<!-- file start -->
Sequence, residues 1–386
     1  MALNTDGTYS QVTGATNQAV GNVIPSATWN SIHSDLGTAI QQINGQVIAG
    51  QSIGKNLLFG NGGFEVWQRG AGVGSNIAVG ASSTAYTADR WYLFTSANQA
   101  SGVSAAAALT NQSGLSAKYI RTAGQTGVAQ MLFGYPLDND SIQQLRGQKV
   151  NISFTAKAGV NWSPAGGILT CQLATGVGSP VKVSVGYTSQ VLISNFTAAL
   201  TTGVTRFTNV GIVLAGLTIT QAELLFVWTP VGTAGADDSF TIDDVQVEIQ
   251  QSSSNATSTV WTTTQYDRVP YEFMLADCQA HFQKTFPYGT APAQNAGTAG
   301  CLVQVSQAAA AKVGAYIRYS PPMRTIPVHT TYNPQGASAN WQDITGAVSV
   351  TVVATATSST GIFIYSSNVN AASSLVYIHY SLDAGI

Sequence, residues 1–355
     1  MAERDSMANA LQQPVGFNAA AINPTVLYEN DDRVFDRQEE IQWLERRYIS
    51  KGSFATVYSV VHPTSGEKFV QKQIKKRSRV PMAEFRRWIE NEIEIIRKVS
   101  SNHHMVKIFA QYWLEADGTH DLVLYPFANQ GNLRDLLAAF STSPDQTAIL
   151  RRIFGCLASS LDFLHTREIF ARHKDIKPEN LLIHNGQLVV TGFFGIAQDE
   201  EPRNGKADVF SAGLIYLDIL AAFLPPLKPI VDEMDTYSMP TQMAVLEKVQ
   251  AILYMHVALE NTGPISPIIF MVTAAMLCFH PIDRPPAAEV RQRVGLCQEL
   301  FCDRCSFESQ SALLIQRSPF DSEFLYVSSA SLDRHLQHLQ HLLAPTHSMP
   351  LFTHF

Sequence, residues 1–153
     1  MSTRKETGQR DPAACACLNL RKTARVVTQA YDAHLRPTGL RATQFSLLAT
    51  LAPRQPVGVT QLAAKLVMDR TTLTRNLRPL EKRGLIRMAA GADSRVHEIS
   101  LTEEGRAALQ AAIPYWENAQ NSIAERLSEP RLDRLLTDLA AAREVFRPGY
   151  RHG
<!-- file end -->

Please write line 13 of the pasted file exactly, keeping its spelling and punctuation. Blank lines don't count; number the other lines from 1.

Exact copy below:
   101  SNHHMVKIFA QYWLEADGTH DLVLYPFANQ GNLRDLLAAF STSPDQTAIL